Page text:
News State Queensland QLD Drought-stricken outback town starts work on massive water-skiing circuit
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Drought-stricken outback town starts work on massive water-skiing circuit

barcaldine water skiing
Local mayor Rob Chandler says the water-skiing complex will put Barcaldine on the map. Photo: ABC
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An ambitious plan to build an enormous water-skiing complex in drought-stricken outback Queensland is drawing opposition, with critics labelling it irresponsible.

Barcaldine Mayor Rob Chandler is driving the plan to build the circuit, which has already been excavated outside the town, about 1000 kilometres north-west of Brisbane.

Cr Chandler said he was confident the council would get approval to access a bore to get water to fill the lake with 400 megalitres of water – despite the region enduring its eighth year of drought.

“We are so fortunate here – unlike Warwick and those places, we are so fortunate to be sitting on the artesian basin,” Cr Chandler told the ABC.

“We found a disused bore that has a licence for 400 megs, so we take that 400 megalitres and take that to fill this.

“It will take about five months to fill it.”

The water permit process with the Queensland government is ongoing but Cr Chandler said flows could be running into the reservoir by March.

But opponents are horrified by the council plan to tap critical water from the Great Artesian Basin for recreational purposes.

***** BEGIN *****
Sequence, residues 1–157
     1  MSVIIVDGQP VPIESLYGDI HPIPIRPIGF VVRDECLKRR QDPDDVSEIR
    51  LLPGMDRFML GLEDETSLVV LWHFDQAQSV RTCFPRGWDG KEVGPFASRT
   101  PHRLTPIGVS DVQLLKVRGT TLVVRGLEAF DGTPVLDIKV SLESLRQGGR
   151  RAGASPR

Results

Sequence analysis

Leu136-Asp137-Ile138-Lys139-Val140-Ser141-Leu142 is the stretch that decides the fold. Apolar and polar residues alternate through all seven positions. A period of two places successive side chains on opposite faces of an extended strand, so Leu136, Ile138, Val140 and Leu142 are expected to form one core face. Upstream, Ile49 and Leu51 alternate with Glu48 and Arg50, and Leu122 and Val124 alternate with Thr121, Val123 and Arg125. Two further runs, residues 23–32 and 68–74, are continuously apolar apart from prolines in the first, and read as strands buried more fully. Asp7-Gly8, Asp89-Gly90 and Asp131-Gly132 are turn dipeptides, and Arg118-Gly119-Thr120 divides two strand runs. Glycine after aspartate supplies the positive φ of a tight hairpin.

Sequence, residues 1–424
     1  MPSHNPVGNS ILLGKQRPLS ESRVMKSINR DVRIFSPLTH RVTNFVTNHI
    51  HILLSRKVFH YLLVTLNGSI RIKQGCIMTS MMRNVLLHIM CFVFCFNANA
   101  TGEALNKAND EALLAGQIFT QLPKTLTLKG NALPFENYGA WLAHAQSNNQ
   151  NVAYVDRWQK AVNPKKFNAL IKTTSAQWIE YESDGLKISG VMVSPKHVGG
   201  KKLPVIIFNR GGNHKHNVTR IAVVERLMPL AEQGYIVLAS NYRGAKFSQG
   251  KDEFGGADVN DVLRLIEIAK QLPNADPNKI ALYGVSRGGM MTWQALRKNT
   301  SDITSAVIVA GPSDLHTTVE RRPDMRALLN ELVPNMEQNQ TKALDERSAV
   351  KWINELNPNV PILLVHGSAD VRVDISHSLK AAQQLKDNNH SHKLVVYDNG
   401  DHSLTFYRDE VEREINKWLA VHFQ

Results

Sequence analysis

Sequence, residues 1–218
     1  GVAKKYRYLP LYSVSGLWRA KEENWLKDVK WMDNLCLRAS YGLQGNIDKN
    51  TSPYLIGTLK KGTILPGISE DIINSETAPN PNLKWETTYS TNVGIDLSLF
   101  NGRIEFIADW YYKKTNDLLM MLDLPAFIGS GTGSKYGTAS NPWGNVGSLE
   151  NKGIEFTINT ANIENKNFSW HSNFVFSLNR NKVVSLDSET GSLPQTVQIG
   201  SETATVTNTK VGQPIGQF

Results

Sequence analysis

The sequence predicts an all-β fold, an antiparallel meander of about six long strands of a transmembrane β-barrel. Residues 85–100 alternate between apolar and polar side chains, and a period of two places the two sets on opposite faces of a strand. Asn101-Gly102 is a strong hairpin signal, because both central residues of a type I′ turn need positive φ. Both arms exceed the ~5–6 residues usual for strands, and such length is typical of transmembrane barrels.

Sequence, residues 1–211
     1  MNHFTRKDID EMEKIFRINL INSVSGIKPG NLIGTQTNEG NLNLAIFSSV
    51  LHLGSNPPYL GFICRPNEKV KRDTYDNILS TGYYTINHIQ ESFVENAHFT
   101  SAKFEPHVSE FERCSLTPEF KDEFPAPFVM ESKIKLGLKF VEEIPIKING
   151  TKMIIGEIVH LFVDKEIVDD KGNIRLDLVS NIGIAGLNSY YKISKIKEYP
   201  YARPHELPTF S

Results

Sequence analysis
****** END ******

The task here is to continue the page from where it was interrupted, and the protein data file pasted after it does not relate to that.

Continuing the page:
Former mayoral candidate Sharon Broughton said most Barcaldine residents were against the scheme.

“There has been a lot of talk amongst the graziers,” she said.

“To them, water is their absolute lifeblood.”

The excavated site, which will eventually feature a 2.4-kilometre ski circuit, is on traditional land. Custodian Suzanne Thompson described the project as “irresponsible”.

“There’s no jobs, so I’m a bit confused about the rationale around ‘let’s put a waterski park in’,” she said.

“It is probably the most irresponsible thing we could actually do right now in the current climate, especially out here.

“Water is one of the most precious things that we have as human beings to survive, to grow food.”

barcaldine water skiing
Traditional land custodian Suzanne Thompson says the project is irresponsible. Photo: ABC

Researchers say the amount of water required to fill the lake would not be an issue to the massive underwater basin, which sits under about 22 per cent of Australia’s landmass.

“There’s no question there’s enough water, there’s an absolutely vast volume of water,” University of Queensland scientist Associate Professor Rod Fensham said.

However, evaporation – leading to water loss – might be an issue, he said.

Cr Chandler said the project, which has already cost $2.5 million in two years, will be a win for the community – and put it on the map.

“It’s so strategically placed,” he said.

“People will be able to hop on their push bikes, pack a half-dozen coldies, bread butter and sausages, have a barbecue dinner and then ride their pushies home.”

He said the project was not unprecedented. About 500 kilometres north of Barcaldine, near Hughendon, is Fred Tritton Lake. It was built in 2003 to create a water sport recreational area, using water pumped from the Flinders River.

-with agencies

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